A summer business program can provide students with a miniature version of business school, condensed for a short period instead of one, two, or three years. It’s like an MBA in a box. These programs, which range from one week to four months, can occur in-person or online and offer a crash course on what to expect from a full-time MBA program.
Should you sign up for the experience? Before you submit your application, here are a few questions and answers to help you learn more about summer business school programs.
Who are these programs for?
Summer business school programs are targeted at college students and recent college graduates. They provide a collaborative environment for project-based learning so that students can increase their understanding of business and explore careers in management. These programs are often held at top universities with elite business schools, such as the Tuck Business Bridge Program at Dartmouth, the Stern Advantage Program at NYU, and Business Edge at Columbia. The hands-on experience and connections available through these programs assist students who want to stand out to potential employers.
Specifically, non-business majors, underrepresented students, and students who have not been exposed to the business world are often encouraged to participate in these programs. For example, the one-week Harvard Business School Summer Venture in Management welcomes applications from students who are the first in their family to attend college, or who come from communities that are underrepresented in business schools and corporate America. Similarly, the two-week Yale SOM Global Pre-MBA Leadership Program emphasizes exposure to global diversity and learning from students around the world, including those from cultural backgrounds underrepresented in graduate management programs. However, depending on the program, students who simply want broaden their intellectual perspective on business are often eligible to apply.
What areas do these programs cover?
Most summer business school programs cover business basics, including accounting, finance, communications, and marketing, as well as leadership and challenges in management. (You’ll learn a great deal about these topics, but some students might feel they’d benefit from some online tutoring in one or more of them beforehand to better prepare.) Students in these programs often have the opportunity to make presentations for local businesses and to take field trips to their corporate campuses. For instance, in the Accelerator Summer Institute at Vanderbilt, students spend the four-week program immersed in a consulting project for a real company. They take the skills they learn in Vanderbilt classes—like Operations, Strategy, and Economics—and apply them to solutions for the project. These programs can help build your dexterity in the workplace.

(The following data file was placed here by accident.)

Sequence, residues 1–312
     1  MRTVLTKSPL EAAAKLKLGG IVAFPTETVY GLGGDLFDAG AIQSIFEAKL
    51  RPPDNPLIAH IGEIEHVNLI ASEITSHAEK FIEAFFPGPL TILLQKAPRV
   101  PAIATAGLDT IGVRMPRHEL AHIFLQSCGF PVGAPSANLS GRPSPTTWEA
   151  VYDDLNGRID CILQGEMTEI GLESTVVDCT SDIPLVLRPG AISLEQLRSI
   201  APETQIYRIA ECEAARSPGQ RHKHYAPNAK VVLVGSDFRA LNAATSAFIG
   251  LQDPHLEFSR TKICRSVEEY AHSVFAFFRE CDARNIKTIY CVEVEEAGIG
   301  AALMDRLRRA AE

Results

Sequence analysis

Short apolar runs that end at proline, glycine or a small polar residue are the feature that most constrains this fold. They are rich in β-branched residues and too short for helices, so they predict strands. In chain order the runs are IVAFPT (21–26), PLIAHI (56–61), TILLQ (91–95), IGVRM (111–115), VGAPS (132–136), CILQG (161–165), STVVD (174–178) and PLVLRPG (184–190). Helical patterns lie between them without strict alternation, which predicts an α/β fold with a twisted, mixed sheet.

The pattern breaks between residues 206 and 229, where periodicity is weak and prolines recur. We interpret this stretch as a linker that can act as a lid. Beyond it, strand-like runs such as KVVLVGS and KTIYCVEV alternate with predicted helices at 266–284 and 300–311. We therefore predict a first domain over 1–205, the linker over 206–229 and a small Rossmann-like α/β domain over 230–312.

Why should I attend a summer business program?
Primarily, a summer business program can enhance your marketability when applying for positions in the corporate world. The networking opportunities with peers, professors, and corporate recruiters, as well as career advice from counselors and alumni, can help you become more competitive in the job market. Additionally, at certain programs, you can use your summer to earn college credit. The Summer Business Institute at Emory carries six academic credit hours, the Summer Management Program at Wake Forest offers eight hours of course credit, and the BASE Summer Program at the Haas School of Business offers up to nine upper-division semester units from UC Berkeley.
A summer business school program is not a substitute for a master’s degree in management, but it can give you a glimpse into MBA life and the many options available to you. It will also provide a better idea of the structure of business. You can add professional skills to your resume, broaden your knowledge of how organizations operate, and boost your career possibilities. With a foundation of business fundamentals, you can use a summer business school program as a springboard to a wider variety of opportunities in the corporate world.
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